Resolved by the assembly, the senate concurring, That the members of the Wisconsin legislature declare Seymour, Wisconsin, the Original Home of the Hamburger.



1885 – The family of Frank and Charles Menches from Akron, Ohio, claim the brothers invented the hamburger while traveling in a 100-man traveling concession circuit at events (fairs, race meetings, and farmers’ picnics) in the Midwest in the early 1880s.  During a stop at the Erie County Fair in Hamburg, New York, the brothers ran out of pork for their hot sausage patty sandwiches.  Because this happened on a particularly hot day, the local butchers stop slaughtering pigs.  The butcher suggested that they substitute beef for the pork.  The brothers ground up the beef, mixed it with some brown sugar, coffee, and other spices and served it as a sandwich between two pieces of bread.  They called this sandwich the “hamburger” after Hamburg, New York where the fair was being held.  According to family legend, Frank didn’t really know what to call it, so he looked up and saw the banner for the Hamburg fair and said, “This is the hamburger.”  In Frank’s 1951 obituary in The Los Angeles Times, he is acknowledged him as the ”inventor” of the hamburger.

Hamburg held its first Burgerfest in 1985 to mark the 100th anniversary of the birth of the hamburger after organizers discovered a history book detailing the burger’s origins.


In 1991, Menches and his siblings stumbled across the original recipe among some old papers their great-grandmother left behind.  After selling their burgers at county fairs for a few years, the family opened up the Menches Bros. Restaurant in Akron, Ohio.  The Menches family is still in the restaurant business and still serving hamburgers in Ohio.


On May 28, 2005, the town of Akron, Ohio hosted the First Annual National Hamburger Festival to celebrate the 120th Anniversary of the invention of the hamburger.  The festival will be dedicated to Frank and Charles Menches.  That is how sure the city of Akron is on the Menches’ family claim on the contested contention that two residents invented the hamburger.  The Ohio legislature is also considering making hamburgers the state food.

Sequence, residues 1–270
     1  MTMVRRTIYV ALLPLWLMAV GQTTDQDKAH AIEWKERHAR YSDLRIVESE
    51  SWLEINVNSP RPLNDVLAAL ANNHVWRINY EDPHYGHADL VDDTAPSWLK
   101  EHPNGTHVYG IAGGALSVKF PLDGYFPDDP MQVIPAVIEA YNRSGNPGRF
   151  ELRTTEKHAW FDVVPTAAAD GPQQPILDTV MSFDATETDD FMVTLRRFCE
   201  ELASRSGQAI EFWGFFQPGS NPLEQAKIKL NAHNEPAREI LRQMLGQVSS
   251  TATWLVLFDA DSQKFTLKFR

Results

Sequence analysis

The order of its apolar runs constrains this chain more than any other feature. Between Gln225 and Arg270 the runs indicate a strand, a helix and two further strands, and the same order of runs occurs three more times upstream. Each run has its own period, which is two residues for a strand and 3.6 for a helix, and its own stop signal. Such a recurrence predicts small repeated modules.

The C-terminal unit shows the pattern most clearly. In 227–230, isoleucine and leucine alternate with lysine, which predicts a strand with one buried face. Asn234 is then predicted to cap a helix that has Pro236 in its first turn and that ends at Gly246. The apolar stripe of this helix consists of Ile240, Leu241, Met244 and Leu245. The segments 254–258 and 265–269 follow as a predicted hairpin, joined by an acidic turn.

1891 – The family of Oscar Weber Bilby claim the first-known hamburger on a bun was served on Grandpa Oscar’s farm just west of Tulsa, Oklahoma in 1891.  The family says that Grandpa Oscar was the first to add the bun, but they concede that hamburger sandwiches made with bread may predate Grandpa Oscar’s famous hamburger.

Michael Wallis, travel writer and reporter for Oklahoma Today magazine, did an extensive search in 1995 for the true origins of the hamburger and determined that Oscar Weber Bilby himself was the creator of the hamburger as we know it.  According to Wallis’s 1995 article, Welcome To Hamburger Heaven, in an interview with Harold Bilby:

The story has been passed down through the generations like a family Bible.  “Grandpa himself told me that it was in June of 1891 when he took up a chunk of iron and made himself a big ol’ grill,” explains Harold.  “Then the next month on the Fourth of July he built a hickory wood fire underneath that grill, and when those coals were glowing hot, he took some ground Angus meat and fired up a big batch of hamburgers.  When they were cooked all good and juicy, he put them on my Grandma Fanny’s homemade yeast buns – the best buns in all the world, made from her own secret recipe.  He served those burgers on buns to neighbors and friends under a grove of pecan trees  . . . They couldn’t get enough, so Grandpa hosted another big feed.  He did that every Fourth of July, and sometimes as many as 125 people showed up.”


Simple math supports Harold Bilby’s contention that if his Grandpa served burgers on Grandma Fanny’s buns in 1891, then the Bilbys eclipsed the St. Louis World’s Fair vendors by at least thirteen years.  That would make Oklahoma the cradle of the hamburger.  “There’s not even the trace of a doubt in my mind,” say Harold.  “My grandpa invented the hamburger on a bun right here in what became Oklahoma, and if anybody wants to say different, then let them prove otherwise.”